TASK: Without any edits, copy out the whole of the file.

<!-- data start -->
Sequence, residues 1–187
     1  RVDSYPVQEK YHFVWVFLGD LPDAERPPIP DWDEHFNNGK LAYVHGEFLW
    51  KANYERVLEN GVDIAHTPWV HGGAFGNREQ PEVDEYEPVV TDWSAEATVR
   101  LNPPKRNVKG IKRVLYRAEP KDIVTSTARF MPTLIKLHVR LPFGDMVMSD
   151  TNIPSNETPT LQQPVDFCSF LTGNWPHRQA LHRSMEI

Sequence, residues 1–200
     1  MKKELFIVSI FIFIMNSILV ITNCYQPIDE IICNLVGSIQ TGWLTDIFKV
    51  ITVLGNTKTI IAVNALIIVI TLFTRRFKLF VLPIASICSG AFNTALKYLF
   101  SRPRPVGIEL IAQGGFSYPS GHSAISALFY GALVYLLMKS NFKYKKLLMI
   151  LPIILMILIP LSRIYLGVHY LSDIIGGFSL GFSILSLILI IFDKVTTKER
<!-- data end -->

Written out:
Sequence, residues 1–187
     1  RVDSYPVQEK YHFVWVFLGD LPDAERPPIP DWDEHFNNGK LAYVHGEFLW
    51  KANYERVLEN GVDIAHTPWV HGGAFGNREQ PEVDEYEPVV TDWSAEATVR
   101  LNPPKRNVKG IKRVLYRAEP KDIVTSTARF MPTLIKLHVR LPFGDMVMSD
   151  TNIPSNETPT LQQPVDFCSF LTGNWPHRQA LHRSMEI

Sequence, residues 1–200
     1  MKKELFIVSI FIFIMNSILV ITNCYQPIDE IICNLVGSIQ TGWLTDIFKV
    51  ITVLGNTKTI IAVNALIIVI TLFTRRFKLF VLPIASICSG AFNTALKYLF
   101  SRPRPVGIEL IAQGGFSYPS GHSAISALFY GALVYLLMKS NFKYKKLLMI
   151  LPIILMILIP LSRIYLGVHY LSDIIGGFSL GFSILSLILI IFDKVTTKER